SAN FRANCISCO — Hogan Lovells is bracing for a fight with a patent assertion entity it used to call a client.
The global law firm disclosed in court papers filed in the U.S. District Court for the Northern District of California that it has been threatened with a professional negligence suit seeking tens of millions in damages by Conversant Intellectual Property Management Inc., a Canadian company it represented in two patent suits.
Keker & Van Nest partner Elliot Peters launched a preemptive strike for Hogan Lovells on Tuesday, suing to obtain an order that any dispute between the firm and its former client must be hashed out in arbitration.
Upon hiring Hogan, Conversant signed a retainer agreement waiving its right to a jury trial over the firm’s services, Peters noted in court papers. He suggested that the serial patent plaintiff should know better than to try to walk away from such a contract.
“Conversant is no stranger to dealing with outside counsel and participating in litigation,” he wrote in the petition to compel arbitration.
Neither Peters nor a spokesman for Hogan Lovells responded to requests for comment about Hogan Lovells v. Conversant, 14-2206. Conversant lawyer William Reid of Reid Collins & Tsai in New York declined to comment.
Court papers outline Hogan Lovells’ falling out with the Ottawa-based patent assertion entity. In 2010, Cisco Systems Inc. filed for declaratory judgment in Delaware federal court, stating that its modem products did not infringe 10 patents owned by Conversant, then known as Mosaid Technologies Inc.
Conversant hired several partners at now-defunct Howrey to defend it, and they brought the work with them to Hogan Lovells when they joined the firm’s San Francisco office in 2011. Later that year, Hogan Lovells asserted six of the patents for Conversant before the International Trade Commission in a case that has since settled.
The team was led by K.T. “Sunny” Cherian, previously cohead of Hogan Lovells’ intellecutal property litigation practice, and included partners Scott Wales and Sarah Jalali. Cherian and Wales recently left Hogan Lovells for Winston & Strawn. Cherian could not be reached for comment late Wednesday afternoon.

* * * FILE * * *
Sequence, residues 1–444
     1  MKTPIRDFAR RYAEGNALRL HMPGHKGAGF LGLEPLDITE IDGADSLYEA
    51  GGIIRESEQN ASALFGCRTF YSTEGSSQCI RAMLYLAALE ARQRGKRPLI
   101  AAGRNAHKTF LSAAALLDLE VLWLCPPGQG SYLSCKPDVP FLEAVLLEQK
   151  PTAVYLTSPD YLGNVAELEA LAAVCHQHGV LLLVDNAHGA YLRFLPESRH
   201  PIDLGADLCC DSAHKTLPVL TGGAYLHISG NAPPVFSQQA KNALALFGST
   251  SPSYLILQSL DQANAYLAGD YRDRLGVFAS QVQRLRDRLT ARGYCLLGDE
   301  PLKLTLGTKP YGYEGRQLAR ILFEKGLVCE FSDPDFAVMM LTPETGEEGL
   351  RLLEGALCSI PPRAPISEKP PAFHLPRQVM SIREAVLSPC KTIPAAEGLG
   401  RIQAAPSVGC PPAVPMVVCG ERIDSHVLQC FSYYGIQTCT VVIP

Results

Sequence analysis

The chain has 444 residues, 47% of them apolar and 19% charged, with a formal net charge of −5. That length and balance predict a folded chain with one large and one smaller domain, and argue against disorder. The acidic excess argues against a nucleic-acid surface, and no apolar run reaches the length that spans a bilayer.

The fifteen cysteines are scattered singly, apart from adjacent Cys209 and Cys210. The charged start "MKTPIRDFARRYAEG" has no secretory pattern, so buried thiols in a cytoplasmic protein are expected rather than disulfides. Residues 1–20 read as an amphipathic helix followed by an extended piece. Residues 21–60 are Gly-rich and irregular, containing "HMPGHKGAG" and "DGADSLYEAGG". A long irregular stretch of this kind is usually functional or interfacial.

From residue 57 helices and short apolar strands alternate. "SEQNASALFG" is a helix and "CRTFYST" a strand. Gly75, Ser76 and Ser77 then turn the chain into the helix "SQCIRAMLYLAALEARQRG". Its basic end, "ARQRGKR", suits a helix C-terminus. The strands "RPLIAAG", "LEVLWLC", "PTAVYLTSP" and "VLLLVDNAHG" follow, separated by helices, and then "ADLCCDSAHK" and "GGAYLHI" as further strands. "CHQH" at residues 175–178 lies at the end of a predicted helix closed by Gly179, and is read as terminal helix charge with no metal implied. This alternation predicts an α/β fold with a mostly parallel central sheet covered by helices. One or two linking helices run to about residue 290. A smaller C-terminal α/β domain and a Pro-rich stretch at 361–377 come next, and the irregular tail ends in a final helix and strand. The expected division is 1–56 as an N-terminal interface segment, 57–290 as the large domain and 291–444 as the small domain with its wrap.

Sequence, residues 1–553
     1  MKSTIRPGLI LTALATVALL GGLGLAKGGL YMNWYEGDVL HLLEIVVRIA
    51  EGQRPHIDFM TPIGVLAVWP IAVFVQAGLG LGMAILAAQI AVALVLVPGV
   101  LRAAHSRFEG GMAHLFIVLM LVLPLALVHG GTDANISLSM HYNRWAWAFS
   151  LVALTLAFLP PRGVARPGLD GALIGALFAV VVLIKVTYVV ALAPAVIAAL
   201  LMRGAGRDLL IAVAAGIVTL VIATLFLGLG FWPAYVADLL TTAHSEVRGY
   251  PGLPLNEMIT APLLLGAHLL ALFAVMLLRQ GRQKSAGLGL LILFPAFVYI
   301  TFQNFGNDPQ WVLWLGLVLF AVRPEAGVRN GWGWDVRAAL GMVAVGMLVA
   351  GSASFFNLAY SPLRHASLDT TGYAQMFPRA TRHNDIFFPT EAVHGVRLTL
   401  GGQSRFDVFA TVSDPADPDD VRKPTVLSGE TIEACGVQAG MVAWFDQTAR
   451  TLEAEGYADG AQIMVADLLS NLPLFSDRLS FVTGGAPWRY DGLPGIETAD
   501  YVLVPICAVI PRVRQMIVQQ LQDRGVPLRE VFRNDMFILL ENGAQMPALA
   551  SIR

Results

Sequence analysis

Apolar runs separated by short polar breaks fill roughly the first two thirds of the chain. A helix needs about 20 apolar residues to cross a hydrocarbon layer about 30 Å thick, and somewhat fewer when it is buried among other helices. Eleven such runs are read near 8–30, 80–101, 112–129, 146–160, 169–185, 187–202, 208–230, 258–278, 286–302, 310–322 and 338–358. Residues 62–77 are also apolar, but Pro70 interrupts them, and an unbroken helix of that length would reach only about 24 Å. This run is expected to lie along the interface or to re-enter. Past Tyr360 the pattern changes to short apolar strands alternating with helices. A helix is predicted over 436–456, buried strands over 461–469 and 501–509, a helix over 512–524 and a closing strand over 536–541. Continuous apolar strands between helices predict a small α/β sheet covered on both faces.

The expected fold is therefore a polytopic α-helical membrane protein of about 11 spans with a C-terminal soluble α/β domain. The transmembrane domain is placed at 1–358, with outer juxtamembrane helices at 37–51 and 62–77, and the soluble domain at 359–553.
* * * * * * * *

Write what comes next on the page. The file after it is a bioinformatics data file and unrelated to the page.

In 2012, Conversant terminated Hogan Lovells as counsel, replacing the lawyers with a team from Mayer Brown. Cisco subsequently filed an amended complaint accusing Conversant of improperly enticing third-party licensees to provide evidence in support of its arguments before the ITC. Cisco also alleged that Conversant failed to preserve documentary evidence from SercoNet Ltd., which sold the asserted patents.
Shortly before its executives were scheduled to be deposed, Conversant struck a settlement with Cisco to end the Delaware suit. But before the case was formally dismissed, Conversant lawyer Reid notified Hogan Lovells that the patent assertion entity planned to file a professional negligence suit against the firm based on its work for the company in Delaware and before the ITC. In addition to seeking millions of dollars in damages, Reid stated that Hogan Lovells also intended to claw back fees, according to court papers.
“Over the course of multiple discussions, Mr. Reid made clear that Conversant intends to file a complaint against Hogan Lovells in court, unless a resolution can be reached, despite his awareness of the signed retainer agreement and arbitration clause,” Peters stated.
Conversant has yet to respond to Hogan Lovells’ petition. The firm also maintains that Conversant’s claims are barred by the statute of limitations, according to court papers.
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